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AV1: A First Look

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Table 2 shows the BD-Rate and BD-Quality calculations. Briefly, BD-Rate shows the data rate savings associated with using the AV1 codec. Looking at the overall average, AV1 could deliver the same quality as x265 with a 34.88% data rate reduction, the same as VP9 with a 37.69% reduction, and the same as x264 with a 54.82% reduction. Looking at the Football clip, the numbers are 24.89%, 35.5%, and 50%, which roughly track the observations made about crossing the 93 VMAF threshold above.

BD-Quality reverses the variables: for equivalent bandwidth, it finds the average quality improvement. So, on average, at the same bitrate as HEVC, VP9, and x264, AV1 would deliver 1.25, 1.48, and 3.15 additional VMAF points, respectively. To put this in perspective, a VMAF change of six equals a “just noticeable difference” that should be detected by more than 75% of viewers. That means that if you substituted AV1 for any of the three codecs at the same data rate, most viewers would not notice the difference. This is likely more the unfortunate result of the lack of range in encoding scores than true qualitative differences in the clips, but the numbers are the numbers.

Ozer AV1 BD-Rate
Table 2. BD-Rate and BD-Quality scores versus AV1.

Basically, the BD-Rate numbers tell you that AV1 can save significant bandwidth when substituted in for x265, VP9, and especially x264. However, the perceptible quality differential between videos encoded by the respective codecs isn’t that significant for the tested clips at the tested encoding configurations.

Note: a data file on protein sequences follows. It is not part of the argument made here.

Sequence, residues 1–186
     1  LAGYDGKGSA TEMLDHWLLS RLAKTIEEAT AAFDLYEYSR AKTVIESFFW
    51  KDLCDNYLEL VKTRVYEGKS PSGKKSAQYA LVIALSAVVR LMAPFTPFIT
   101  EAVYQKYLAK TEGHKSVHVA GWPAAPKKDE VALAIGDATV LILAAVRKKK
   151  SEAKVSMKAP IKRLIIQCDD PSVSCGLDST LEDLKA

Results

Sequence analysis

I discussed these results with Nigel Lee from Euclid IQ, who’s helped me understand how to apply and interpret BD-Rate and other objective metrics in the past. He recommended that we test more challenging clips at more challenging data rates. So, despite the long encoding times, I decided to take Nigel’s advice.

Objective Quality—Round 2

Specifically, I added two test clips, one the initial runway sequence of Zoolander,which is very challenging, and a different 30-second section of the Football clip with much more motion. I also decided to test at more aggressive data rates, in six steps from 1Mbps to 3.5Mbps inclusive. Figure 4 is the rate distortion curve, which shows much more differentiation between the clips; not only between AV1 and HEVC, but between HEVC and VP9, and H.264 and all other codecs.


Figure 4. Updated results for two more challenging clips at more aggressive data rates.

Table 3 shows the numbers. Though the BD-Rate differential between AV1 and x265 shrank significantly, the BD-Quality value almost tripled, so at the same data rate, AV1 would produce a VMAF score averaging 2.99 points higher. Still not visible to most viewers but getting closer. At 5.55 points for LibVPx, many viewers would notice a difference between videos encoded at the same data rate, while the 16.79 score for x264 indicates that most prudent video publishers wouldn’t attempt these data rates with x264 (or any H264 codec).

Ozer AV1 table 3

Table 3. Round 2 BD-Rate and BD-Quality scores versus AV1.